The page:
The dangers of Working Groups


The biggest mistake we can make about WGs is to idealize them. There’s a great conversation going on about that in one of the forums of Occupy London.

There, Jonathan Lamb wrote

“In my opinion, the danger of working groups existing in any formalized sense, is that simply because there IS a group for a certain subject, a great deal of people assume that this means that this function of the movement is being adequately dealt with by a team of dedicated, competent and experienced individuals.

Quite often this is not the case.

People also have misconceptions or differing ideas on what the responsibilities of a working group should be, as seen recently with the Finance Group (people assume that fundraising is their responsibility – it is not)

This is not said as an affront to the amazing and valuable work being done all the time by dedicated members of the occupation, but when people see there is a Sanitation working group, they don’t necessarily see that there may only be one active member, hard working as he surely is.

I really feel it could be worth setting some sort of minimum standards for working groups, and if they are consistently below those standards people could be aware of that, so we know which areas need help the most. We could call them something else then… like a Not Working Group”   🙂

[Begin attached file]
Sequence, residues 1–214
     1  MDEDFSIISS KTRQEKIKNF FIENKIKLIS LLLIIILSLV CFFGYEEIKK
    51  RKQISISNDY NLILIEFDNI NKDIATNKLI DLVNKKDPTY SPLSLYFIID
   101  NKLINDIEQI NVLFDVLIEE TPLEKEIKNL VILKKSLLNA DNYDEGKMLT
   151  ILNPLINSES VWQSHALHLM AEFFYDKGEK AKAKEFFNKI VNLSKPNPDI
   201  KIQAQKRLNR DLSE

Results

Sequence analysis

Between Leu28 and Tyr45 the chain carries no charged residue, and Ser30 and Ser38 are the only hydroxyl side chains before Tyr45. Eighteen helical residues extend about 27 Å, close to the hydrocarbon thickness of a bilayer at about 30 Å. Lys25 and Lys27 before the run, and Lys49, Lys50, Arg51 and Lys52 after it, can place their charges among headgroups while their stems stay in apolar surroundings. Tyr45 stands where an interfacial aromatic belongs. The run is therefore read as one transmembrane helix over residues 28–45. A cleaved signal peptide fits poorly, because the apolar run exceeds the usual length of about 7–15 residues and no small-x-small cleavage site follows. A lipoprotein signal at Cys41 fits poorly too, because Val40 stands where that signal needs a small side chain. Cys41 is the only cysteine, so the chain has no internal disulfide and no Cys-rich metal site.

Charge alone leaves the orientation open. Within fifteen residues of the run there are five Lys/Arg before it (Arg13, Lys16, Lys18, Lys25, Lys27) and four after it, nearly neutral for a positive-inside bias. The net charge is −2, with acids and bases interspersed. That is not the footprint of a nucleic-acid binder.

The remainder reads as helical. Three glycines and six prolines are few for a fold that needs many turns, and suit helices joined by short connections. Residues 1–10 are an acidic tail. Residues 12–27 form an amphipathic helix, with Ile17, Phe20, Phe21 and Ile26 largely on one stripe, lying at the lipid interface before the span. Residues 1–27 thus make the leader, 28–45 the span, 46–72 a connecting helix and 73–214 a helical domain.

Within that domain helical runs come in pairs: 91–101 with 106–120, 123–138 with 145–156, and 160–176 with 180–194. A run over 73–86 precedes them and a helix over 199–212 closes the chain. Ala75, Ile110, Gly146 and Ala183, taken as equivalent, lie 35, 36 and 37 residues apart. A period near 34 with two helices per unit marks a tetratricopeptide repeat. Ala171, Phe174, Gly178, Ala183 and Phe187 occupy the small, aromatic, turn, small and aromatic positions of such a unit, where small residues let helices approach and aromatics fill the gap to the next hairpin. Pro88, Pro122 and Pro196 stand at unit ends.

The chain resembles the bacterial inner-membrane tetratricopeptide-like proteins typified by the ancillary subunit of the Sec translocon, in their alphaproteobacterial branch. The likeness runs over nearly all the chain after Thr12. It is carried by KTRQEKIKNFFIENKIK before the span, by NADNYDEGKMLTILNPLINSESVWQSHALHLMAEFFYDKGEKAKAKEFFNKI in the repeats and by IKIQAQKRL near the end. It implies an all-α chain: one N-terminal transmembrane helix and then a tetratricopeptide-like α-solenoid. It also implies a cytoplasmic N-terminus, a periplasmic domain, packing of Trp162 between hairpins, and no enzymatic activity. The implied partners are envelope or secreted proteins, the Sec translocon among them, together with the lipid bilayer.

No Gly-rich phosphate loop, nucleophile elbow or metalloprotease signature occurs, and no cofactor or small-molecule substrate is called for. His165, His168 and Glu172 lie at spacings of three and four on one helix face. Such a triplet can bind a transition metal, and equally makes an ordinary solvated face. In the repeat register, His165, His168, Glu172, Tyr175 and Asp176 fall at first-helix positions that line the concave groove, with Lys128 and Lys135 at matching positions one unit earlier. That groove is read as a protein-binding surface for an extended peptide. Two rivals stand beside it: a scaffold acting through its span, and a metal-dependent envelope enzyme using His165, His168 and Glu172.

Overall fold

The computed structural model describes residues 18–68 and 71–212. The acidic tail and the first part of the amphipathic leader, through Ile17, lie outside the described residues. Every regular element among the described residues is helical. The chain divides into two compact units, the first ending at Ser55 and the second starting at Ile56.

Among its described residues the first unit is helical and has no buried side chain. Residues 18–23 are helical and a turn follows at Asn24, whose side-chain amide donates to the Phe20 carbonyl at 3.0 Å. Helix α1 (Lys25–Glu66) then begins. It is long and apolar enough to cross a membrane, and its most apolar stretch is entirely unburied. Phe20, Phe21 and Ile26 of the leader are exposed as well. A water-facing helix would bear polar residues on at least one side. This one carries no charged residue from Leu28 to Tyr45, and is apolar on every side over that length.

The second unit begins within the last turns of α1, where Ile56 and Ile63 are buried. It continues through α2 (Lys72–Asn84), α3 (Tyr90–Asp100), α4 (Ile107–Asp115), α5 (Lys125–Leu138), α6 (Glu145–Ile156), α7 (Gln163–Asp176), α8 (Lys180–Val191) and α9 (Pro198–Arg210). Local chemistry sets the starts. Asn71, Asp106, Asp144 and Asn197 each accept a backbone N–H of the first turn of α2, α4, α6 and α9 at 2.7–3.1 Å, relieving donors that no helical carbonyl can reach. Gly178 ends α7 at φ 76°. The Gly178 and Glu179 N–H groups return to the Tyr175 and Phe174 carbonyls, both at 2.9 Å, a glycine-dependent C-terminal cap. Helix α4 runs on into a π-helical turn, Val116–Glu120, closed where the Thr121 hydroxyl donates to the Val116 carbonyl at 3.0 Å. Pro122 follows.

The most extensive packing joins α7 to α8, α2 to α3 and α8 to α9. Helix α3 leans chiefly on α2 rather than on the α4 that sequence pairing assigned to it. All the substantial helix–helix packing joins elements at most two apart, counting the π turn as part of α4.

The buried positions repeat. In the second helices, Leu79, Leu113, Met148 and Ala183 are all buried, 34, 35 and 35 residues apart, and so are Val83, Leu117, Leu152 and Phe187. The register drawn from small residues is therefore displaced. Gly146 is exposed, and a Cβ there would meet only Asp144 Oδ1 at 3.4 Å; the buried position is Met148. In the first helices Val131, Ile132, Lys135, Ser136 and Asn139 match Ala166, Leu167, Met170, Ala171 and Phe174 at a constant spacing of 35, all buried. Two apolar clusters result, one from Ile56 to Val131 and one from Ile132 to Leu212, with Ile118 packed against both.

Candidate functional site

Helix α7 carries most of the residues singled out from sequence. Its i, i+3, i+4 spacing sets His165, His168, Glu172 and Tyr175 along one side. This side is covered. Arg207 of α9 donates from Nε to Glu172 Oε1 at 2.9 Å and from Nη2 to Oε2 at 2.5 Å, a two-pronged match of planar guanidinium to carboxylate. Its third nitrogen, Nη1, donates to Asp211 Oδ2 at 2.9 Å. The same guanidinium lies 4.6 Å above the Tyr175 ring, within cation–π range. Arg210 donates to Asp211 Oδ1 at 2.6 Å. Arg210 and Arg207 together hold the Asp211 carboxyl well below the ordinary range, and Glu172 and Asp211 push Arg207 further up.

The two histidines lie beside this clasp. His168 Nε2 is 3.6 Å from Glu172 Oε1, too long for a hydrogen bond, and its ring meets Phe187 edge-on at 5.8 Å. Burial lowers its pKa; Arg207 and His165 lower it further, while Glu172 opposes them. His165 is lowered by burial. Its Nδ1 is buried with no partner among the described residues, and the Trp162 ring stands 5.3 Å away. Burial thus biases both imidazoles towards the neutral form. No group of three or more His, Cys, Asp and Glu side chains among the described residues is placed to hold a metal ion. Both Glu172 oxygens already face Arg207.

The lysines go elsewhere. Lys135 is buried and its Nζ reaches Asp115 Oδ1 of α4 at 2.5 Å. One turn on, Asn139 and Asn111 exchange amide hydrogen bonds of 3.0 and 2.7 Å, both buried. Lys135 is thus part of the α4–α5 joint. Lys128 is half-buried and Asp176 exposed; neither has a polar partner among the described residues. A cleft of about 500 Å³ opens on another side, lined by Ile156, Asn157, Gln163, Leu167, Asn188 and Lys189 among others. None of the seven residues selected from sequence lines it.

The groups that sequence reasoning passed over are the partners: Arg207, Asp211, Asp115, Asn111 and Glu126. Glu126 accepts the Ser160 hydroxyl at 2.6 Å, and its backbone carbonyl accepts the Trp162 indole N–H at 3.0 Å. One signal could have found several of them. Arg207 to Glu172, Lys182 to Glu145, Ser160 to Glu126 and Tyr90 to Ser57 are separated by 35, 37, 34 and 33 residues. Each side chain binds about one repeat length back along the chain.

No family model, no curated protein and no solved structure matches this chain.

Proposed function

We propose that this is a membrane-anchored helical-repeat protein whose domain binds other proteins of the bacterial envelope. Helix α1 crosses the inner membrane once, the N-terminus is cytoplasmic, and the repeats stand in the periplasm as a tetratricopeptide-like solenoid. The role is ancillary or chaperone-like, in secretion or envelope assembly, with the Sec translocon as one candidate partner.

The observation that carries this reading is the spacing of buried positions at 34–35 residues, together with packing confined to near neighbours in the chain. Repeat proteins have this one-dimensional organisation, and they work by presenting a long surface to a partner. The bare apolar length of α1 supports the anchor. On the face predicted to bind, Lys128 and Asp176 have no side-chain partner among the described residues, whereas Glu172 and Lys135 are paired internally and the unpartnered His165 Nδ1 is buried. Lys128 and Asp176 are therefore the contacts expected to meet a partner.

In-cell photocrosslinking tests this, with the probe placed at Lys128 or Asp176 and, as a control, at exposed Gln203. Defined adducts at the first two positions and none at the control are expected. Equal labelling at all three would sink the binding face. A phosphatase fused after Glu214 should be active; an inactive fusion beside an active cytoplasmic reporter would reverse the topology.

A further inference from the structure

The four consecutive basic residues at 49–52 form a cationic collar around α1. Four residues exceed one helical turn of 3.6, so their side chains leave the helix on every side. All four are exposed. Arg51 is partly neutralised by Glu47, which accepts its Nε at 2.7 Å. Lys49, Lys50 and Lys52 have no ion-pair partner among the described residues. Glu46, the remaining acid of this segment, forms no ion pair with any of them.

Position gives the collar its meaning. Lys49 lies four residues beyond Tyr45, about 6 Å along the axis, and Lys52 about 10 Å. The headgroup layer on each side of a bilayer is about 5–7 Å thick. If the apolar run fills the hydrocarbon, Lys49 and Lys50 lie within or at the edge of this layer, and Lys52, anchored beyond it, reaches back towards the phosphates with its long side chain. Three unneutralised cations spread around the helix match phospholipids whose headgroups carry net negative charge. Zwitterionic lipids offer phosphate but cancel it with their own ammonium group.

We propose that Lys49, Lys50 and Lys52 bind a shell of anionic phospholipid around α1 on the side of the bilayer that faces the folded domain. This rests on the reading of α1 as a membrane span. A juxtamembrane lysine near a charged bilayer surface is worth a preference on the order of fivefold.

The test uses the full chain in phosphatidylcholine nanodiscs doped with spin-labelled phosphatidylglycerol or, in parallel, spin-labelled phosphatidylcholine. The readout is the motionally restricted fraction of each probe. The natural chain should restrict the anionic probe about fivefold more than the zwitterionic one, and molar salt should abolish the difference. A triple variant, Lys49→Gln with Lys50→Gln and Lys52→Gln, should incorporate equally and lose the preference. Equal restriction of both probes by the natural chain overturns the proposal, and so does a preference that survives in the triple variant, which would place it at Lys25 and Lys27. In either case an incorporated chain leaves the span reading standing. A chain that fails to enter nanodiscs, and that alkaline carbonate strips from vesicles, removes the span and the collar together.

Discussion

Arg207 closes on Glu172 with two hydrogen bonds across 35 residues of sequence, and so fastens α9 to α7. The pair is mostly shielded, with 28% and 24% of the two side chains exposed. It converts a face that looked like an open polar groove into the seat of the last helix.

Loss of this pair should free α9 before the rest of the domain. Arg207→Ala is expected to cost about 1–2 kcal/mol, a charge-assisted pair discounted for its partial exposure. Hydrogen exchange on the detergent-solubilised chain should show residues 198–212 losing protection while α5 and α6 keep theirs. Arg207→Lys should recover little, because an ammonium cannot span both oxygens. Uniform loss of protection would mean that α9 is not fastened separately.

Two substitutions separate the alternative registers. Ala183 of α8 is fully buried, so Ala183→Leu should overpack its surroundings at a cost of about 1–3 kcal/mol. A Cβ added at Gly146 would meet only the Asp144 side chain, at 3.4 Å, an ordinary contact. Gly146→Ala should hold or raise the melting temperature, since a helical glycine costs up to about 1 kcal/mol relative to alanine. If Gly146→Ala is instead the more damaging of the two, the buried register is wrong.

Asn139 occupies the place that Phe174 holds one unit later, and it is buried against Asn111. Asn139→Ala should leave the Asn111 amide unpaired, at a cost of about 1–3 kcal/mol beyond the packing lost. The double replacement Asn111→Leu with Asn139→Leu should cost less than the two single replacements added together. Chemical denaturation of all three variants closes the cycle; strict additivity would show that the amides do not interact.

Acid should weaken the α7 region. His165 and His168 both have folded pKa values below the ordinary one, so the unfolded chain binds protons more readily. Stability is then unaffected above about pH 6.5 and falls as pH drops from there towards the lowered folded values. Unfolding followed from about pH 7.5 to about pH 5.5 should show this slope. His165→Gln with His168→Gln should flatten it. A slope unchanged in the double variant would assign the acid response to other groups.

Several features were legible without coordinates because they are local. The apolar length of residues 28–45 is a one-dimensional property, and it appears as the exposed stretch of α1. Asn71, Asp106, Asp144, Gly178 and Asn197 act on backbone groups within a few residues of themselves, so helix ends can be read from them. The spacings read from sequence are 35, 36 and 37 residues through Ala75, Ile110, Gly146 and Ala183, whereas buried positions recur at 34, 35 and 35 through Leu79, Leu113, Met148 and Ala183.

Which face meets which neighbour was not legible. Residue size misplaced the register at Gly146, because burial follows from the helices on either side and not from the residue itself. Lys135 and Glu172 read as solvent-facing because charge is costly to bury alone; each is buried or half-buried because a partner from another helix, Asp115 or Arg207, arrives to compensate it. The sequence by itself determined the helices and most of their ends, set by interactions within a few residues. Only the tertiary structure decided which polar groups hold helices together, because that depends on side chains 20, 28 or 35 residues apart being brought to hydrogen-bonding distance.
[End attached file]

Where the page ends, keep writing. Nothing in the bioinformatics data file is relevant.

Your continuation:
Vica responded with this short but essential post:

“A weekly working group health check would encourage:

– a clear point of contact
– a regular meeting at least once a week
– an open space for debate…be it a forum, a wiki, but somewhere where the online community can interact with them. For the onsite logistics this might just be a page on the wiki with the wish list and the volunteers required.”

This is an extremely rich exchange of ideas about the dangers of Working Groups. Its participants tend to be members in many WGs of Occupy London and have a wealth of experience. This conversation is ongoing and anybody can read and join in it here.

I wish that they come up with a summary of their findings so far, so that people new to the conversation don’t have to read through 20-30 post before they can meaningfully contribute. In addition, that summary could grow into a guide on the essentials of effective WGs. We, at the Future of Occupy, are so inspired by the conversation of Jonathan, Vica, and others, that we would be happy to help with that…

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Categories: UK, Working Groups

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